Of the thousands of pieces of gear I’ve tested as Outside’s Gear Guy, many of them are for hyperspecific purposes: midlayers for aerobic runs in temperate climates, skis for six inches-plus of blower powder, and kayaks for low-volume creeks. While I love having the right product for the right situation, there’s a lot to be said for a piece of gear that can do it all. For me, no other piece of gear in my ski kit sees more use than the Hestra Fall Line gloves ($160).
They have been my ski glove of choice since the winter of 2014. I tested my first pair for this article, and they remain my most utilized pair seven years later, though I’ve tested dozens of gloves over that time. Their combination of warmth, dexterity, durability, and comfort make them my favorite for both in-bounds and backcountry skiing all season long.
I’m not alone in my preference for this glove. The Fall Line has been a bestseller for Hestra since they were first released in 2013: the brand sold seven times the amount in 2020 as it did then, said Drew Eakins, marketing manager at Hestra. “That says a lot about a glove,” he says. While other gloves have been added or dropped from the company’s roundup, the Fall Line just keeps performing better.
I’ve been extremely hard on that pair and am still finding them as useful and hearty as when I first put them on. I credit the premium goat leather, simple build, and burly stitched seams for this longevity. Two years ago, I was riding a lift with a man who struck up a conversation about the fact that we were both wearing leather Hestra gloves. He’d been given his as a gift for refereeing his grandkids’ ski races in the early aughts. He spent the entire ride explaining how he was tough on the gloves while he skied but rewaterproofed them as often as once a week during the season. He thought I could easily get 25 years out of mine if I treated them right. Seven seasons in, I believe him.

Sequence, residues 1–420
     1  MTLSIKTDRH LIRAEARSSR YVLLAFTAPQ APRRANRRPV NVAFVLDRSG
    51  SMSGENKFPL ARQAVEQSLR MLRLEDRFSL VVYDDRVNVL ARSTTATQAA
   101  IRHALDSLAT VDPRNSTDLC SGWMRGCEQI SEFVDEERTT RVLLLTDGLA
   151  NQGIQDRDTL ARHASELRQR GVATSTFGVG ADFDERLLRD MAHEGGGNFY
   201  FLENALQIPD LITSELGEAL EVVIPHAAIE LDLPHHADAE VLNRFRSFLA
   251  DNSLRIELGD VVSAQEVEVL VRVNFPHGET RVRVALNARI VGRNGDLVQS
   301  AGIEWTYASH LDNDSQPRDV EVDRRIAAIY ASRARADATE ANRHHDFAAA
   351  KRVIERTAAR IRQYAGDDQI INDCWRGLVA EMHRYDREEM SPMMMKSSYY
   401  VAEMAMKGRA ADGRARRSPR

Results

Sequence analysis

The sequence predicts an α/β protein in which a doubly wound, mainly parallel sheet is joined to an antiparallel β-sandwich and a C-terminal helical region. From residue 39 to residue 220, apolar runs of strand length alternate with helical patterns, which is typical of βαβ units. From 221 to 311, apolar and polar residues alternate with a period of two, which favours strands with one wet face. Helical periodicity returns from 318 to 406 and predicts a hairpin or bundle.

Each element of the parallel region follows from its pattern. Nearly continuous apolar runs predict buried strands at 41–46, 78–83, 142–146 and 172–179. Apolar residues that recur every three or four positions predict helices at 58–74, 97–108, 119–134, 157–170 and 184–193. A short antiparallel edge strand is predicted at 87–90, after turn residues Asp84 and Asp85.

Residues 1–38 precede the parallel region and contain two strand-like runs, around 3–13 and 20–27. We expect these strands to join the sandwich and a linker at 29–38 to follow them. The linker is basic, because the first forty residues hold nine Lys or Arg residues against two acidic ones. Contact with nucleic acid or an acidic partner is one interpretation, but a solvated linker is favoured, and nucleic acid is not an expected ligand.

Their tough leather, light synthetic insulation, and thick neoprene cuffs make the Fall Line perfect for protecting my hands from the elements without being too warm for athletic movement. I usually won’t switch to a lightweight or liner glove until temps are well into the 40s and I’m traveling uphill. On the other end of the spectrum, the neoprene cuffs keep powder from freezing my digits during yard sales, and I rarely find them lacking warmth at the resort except on the coldest of days—then I just add a hand warmer.
While durability and warmth are critical attributes, I appreciate the Fall Line’s dexterity the most. Each finger is lightly articulated, with a curvature that resembles my fingers in their relaxed state. This form is the product of Hestra’s glove-cutting mastery. There are fewer than 100 master-certified glove cutters in the world—a title that was formalized in 17th-century France and earned only after years of mentorship—and two of them work at Hestra. As a result, I can fiddle with my boots and bindings and completely sort out my three-year-old daughter’s ski kit without removing them.
After all these years, the reason I love them is simple: they’re the right tool for keeping my hands warm while skiing—and tinkering with my gear—all season long.